And the goddess was enraged at Endoganes's cruelty. For even through his sorrow his pride was implacable. When he learned of Kore's death he raged, heaving himself against the walls, smashing his fists into the stones, spitting out that for all his grief he would have it no other way - that, yes, it was better she were dead than bring such dishonour, such insult; and, as Aphrodite looked down upon him her anger grew, the sky at her feet boiling black, the stars weeping with fear.

"Your pride and hate, Endoganes - wounds never to heal!" she thundered, flattening the clouds. "And not a word of regret! So be it! Now, be damned from your own mouth!"

Aphrodite wove her fingers over Endoganes, drew out the hatred within him and gave it form, pouring it out across him as he slept. He awoke with the sun and screamed. Great slices opened in every inch of his flesh. Across the soles of his feet they rushed, up his legs, into his chest and arm pits, across his back and shoulders. The skin suppurated, rancid, never healing, raw with divine fury. In every liver spot and wrinkle ulcers sprouted, even in his hair, the curse cutting deep honeycombs of rot in scarlet, purple and green.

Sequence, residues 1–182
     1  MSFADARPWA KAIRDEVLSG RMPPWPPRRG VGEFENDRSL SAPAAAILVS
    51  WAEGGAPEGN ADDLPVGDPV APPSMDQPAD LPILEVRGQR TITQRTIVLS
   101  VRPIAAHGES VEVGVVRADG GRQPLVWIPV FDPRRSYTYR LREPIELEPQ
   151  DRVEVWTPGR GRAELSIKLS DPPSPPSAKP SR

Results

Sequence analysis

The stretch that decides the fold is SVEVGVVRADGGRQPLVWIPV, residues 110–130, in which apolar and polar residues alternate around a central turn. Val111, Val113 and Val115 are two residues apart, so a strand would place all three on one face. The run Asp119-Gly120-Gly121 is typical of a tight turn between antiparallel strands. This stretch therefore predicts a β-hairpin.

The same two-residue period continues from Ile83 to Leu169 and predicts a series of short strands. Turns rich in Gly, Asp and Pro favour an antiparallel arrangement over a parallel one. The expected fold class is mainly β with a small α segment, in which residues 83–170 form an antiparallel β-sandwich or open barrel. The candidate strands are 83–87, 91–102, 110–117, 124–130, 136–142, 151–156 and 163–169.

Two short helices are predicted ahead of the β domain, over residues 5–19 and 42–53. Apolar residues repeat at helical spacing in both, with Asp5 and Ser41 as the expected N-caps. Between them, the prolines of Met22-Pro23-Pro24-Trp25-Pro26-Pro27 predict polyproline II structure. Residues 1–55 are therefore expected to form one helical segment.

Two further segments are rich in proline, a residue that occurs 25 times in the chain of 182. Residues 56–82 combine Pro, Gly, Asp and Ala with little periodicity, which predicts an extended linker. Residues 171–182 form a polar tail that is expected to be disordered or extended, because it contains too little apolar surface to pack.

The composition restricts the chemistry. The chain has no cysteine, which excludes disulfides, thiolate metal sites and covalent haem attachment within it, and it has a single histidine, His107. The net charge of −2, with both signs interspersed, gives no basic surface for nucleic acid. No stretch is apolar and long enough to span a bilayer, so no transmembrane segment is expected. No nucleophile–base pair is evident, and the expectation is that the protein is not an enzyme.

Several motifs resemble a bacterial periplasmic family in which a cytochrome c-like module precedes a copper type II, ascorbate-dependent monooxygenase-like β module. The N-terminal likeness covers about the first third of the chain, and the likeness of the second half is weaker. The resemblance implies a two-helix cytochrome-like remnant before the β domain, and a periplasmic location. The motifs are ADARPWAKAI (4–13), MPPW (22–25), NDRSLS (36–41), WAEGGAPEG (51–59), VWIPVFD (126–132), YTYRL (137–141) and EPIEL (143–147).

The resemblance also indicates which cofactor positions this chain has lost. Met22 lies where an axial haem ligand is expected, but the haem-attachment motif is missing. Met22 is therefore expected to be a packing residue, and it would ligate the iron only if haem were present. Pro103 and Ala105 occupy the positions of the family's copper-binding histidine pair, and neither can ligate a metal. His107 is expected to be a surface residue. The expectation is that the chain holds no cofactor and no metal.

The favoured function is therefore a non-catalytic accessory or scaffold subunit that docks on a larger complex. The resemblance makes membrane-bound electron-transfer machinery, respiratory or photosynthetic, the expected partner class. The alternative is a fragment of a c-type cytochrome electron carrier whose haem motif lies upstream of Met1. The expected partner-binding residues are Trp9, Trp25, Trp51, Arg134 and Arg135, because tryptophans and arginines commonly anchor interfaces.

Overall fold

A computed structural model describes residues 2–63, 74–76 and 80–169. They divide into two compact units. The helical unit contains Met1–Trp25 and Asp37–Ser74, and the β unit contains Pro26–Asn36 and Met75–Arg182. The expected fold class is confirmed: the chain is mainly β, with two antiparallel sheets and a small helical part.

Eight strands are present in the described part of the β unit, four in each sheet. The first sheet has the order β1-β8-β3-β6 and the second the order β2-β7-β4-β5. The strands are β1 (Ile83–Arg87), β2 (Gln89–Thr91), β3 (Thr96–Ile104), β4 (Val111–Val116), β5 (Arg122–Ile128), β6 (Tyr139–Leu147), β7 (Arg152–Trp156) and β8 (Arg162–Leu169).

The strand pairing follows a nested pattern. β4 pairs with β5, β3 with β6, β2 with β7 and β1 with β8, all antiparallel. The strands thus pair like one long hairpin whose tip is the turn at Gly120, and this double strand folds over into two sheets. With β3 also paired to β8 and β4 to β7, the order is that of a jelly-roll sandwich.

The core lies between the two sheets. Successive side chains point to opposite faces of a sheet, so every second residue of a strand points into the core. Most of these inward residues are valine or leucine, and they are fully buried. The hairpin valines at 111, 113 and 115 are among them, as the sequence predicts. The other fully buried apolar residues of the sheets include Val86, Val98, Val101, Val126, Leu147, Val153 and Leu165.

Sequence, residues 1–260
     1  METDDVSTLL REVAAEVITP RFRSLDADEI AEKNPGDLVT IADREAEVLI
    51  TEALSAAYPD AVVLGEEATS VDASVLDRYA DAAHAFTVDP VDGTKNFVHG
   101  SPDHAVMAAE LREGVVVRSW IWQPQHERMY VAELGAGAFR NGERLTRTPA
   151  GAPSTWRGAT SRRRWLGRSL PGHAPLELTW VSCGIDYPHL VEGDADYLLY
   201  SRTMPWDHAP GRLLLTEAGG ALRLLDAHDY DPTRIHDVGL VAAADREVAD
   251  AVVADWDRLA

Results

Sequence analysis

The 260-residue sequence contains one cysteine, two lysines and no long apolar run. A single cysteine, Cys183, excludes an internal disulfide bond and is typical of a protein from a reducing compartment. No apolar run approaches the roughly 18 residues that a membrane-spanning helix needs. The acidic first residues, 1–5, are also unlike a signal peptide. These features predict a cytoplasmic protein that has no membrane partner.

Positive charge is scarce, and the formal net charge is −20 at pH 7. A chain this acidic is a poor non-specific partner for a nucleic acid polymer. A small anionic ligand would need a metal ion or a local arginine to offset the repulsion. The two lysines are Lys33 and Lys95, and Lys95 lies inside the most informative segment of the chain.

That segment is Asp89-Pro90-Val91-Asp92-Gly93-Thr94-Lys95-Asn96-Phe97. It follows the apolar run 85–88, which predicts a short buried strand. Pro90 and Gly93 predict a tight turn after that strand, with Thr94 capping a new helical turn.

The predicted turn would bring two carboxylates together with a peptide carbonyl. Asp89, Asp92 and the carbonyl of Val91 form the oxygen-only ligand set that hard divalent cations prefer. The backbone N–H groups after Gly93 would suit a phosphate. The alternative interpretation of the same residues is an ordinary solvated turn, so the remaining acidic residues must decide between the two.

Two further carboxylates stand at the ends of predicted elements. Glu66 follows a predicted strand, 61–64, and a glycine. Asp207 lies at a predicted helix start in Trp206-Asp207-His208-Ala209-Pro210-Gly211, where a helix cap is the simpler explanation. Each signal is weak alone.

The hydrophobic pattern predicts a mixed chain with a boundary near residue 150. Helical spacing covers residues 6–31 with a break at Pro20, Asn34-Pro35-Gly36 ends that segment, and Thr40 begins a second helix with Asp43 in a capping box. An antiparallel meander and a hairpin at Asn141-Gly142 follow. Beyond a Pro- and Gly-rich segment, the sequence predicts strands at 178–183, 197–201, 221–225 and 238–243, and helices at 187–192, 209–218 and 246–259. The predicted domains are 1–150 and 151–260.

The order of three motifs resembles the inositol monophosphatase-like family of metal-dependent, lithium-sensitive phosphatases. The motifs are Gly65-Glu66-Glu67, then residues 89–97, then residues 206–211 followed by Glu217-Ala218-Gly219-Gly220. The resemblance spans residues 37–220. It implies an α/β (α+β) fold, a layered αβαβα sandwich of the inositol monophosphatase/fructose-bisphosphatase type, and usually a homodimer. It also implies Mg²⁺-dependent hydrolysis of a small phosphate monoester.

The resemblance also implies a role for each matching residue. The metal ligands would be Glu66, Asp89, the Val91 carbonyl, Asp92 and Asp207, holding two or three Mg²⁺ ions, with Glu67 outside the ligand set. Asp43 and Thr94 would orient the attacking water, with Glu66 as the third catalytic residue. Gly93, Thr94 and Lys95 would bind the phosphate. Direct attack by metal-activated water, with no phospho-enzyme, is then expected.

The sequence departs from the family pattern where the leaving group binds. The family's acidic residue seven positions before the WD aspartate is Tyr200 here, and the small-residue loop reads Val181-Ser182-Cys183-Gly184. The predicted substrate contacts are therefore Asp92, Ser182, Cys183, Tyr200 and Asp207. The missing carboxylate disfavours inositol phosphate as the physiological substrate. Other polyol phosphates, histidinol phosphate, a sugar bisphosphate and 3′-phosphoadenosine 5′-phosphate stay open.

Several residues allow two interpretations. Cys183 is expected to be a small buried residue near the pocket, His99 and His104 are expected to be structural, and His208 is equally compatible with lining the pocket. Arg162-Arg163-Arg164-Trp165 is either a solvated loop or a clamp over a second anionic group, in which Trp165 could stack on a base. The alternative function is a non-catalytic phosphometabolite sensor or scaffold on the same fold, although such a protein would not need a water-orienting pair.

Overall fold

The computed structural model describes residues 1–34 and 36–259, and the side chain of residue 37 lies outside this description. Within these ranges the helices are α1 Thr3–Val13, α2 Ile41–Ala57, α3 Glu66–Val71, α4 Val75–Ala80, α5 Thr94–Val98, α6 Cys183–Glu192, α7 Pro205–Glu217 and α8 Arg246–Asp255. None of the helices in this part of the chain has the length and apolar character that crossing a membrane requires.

Endoganes' screams and the stench of corruption brought his neighbours. They fled in horror - rightly fearing him cursed - but not before nailing shut his doors and windows to stop the horror from escaping. Inside, the vileness drawn from Endoganes dripped and spat and leapt from him. Aching to destroy, it infected the whole house. Crawling up the walls, it chewed through them like gangrene; it strangled the fire and melted the flagstones, slipping down into the earth; the foundations cracked and dissolved and the walls and roof tumbled in, burying Endoganes.

Now unrestrained, the stink spread across the city. Aphrodite pitied the Thebans and sent a magic storm to sweeten the air and drown all traces of Endoganes upon the stones. And in her temple she commanded her priests to proclaim that no-one should clear the ruin. No-one should approach, she warned; she had cursed the ground as a symbol of all that was to be abhorred and loathed till the end of time.